A Prodigal Disaster

In Luke 15, Jesus is sitting around with a bunch of “sinners and tax collectors.” If you’re a good practicing Jew of the day, this is very offensive. Sinners break the rules. Tax collectors are part of the corrupt system that is persecuting the Jews and keeping them impoverished. If Jesus is going to bring about “the kingdom of God” they’ve been waiting for, this isn’t what it is supposed to look like.

So Jesus starts telling stories. And he tells one story in particular about a lost son. In this story, the younger son runs away from home. He takes his family's money, he tells his father to “go die,” and he leaves. Then, after months of wild living and excessive partying, he hits bottom. He runs out of money and he comes back. And when he does, the father is so elated he throws a banquet. He spares no expense and brags to everyone about his lost son’s redemption.

The metaphor is obvious—when something that was lost is found, the joy surpasses the pain of the loss. All is forgiven. All is right with the world for the father and the son.

But this metaphor doesn’t stop with the lost son being found. In this story, there’s also an elder brother, and he has an opinion. When the father throws a party for the younger son who has returned, the elder son is furious. He didn’t run away. He didn’t take the money from his family. He didn’t wish his father dead. He didn’t disgrace his parents. He did everything he was supposed to do, like the good eldest son he was always expected to be. He stayed. And in all honesty, he gets screwed in this whole sequence of events. His blue-collar work ethic goes unrecognized. His selfish brother gets more, even though he deserves less.

On the surface, the story doesn’t even get a happy ending. The eldest son is outraged and refuses to go into the party. In verse 31 the father comes to the eldest son, begging him to come in, and says “‘My son, you are always with me, and everything I have is yours. But we had to celebrate and be glad, because this brother of yours was dead and is alive again; he was lost and is found.’”

And that’s it. The story ends with the father telling the son to “suck it up.” Think about those priests and pharisees and devout religious leaders overhearing this story. Jesus appears to be saying, “Suck it up because these sinners, and these tax collectors, and these people who are the very middle of the corruption in ancient Israel, these are the ones who deserve to be celebrated. They will get more in the end.” Can you imagine how insulting this must feel if you devoted your whole life to the Kingdom of God?

How relatable this story is to today? How often do you look around at the world and see corruption go unpunished? Do you know someone who doesn’t seem to ever have to work for what they get? Have you ever felt over looked or unrewarded for all of your effort? Have you ever felt like the rules that matter to you don’t seem to apply to everyone? Have you ever been told to just suck it up?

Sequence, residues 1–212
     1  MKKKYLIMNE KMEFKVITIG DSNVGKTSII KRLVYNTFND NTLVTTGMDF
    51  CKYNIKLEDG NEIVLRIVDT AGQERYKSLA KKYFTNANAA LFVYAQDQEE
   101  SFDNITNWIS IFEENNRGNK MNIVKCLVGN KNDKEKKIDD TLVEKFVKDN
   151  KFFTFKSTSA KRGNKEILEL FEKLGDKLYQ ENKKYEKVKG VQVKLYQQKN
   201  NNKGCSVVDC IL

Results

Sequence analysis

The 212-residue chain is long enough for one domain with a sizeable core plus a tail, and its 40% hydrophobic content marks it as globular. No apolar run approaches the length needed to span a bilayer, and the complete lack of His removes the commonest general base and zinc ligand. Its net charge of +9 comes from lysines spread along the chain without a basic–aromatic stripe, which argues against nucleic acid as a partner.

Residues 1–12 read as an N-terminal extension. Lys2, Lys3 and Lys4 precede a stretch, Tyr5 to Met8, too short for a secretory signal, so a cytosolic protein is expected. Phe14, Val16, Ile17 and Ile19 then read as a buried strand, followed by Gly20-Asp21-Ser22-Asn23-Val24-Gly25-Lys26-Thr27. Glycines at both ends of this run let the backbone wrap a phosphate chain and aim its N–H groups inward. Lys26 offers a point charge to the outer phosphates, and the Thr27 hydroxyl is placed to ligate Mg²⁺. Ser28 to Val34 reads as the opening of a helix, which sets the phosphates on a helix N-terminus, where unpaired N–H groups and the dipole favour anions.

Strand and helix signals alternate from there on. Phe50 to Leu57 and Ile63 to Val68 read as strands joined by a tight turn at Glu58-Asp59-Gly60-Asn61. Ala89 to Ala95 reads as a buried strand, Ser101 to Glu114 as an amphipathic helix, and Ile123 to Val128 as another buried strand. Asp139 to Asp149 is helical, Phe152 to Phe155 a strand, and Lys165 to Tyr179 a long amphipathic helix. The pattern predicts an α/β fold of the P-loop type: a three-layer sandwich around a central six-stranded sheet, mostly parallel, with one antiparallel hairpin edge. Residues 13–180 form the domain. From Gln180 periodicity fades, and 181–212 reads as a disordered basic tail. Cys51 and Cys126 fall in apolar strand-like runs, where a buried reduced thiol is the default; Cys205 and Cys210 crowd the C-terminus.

On the surface, the story doesn’t get a happy ending. But in reality, this is Jesus injecting humanity into justice.And I finally understood it, after watching disaster movies.

One of my favorite disaster films is Twister. The 1996 thriller tells the story of Jo and Bill, two storm chasers trying to revolutionize storm tracking technology by launching a super computer into a tornado. Jo has a workaholic devotion to her work, after losing her father at a young age in a violent storm. Bill, on the other hand, is ready to settle down and move into a more stable part of meteorology, and he’s not sure his relationship with Jo will survive.

In one scene near the climax, their super computer has just been crushed by a tree and the sensors are scattered across the highway. Jo scrambles to collect the pods while their team, watching the radar, warns them to move on before the next tornado drops right on them. As Bill begs Jo to go with him, she begins to rant about her need to avenge her father. She is on the hunt for justice—because her life has not been fair. But Bill says, “stop living in the past and look at what you have right in front of you...me Jo!” (You can watch the clip here: https://youtu.be/p5rFyo05ebs)

This is what the father is saying to the elder son. As the son says “it’s not fair after everything he’s done.” And the father says “stop living in the past and look what you have right in front of you...me!

When we see corruption go unpunished, God says “Look at what you have right in front of you...”
When others get more and we get less, God says, “Look at what you have right in front of you...”
When your work goes unrecognized, God says, “Look at what you have right in front of you...”
When the rules don’t apply to everyone equally, God says, “Look at what you have right in front of you...”
When you have to suck it up, God says, “Look at what you have right in front of you...”

And the implication of this is tremendously significant. The stories are different, but the father loves both sons. So the message of the story isn’t “suck it up because at least God loves you.” The message is that the people who hurt you are loved too. They are right there on the journey with you. God loves them, and he loves you.

So, when faced with injustice…

Do we skip the party? Do we stand out in the storm? Do we eavesdrop like the pharisees? Or do we realize that from injustice there is an invitation--an invitation to forgiveness, an invitation to love, an invitation to family and community--all right in front of you.

Because that’s what the Kingdom of God looks like.

Zach Herzog

*Join us in praying the Daily Texts.

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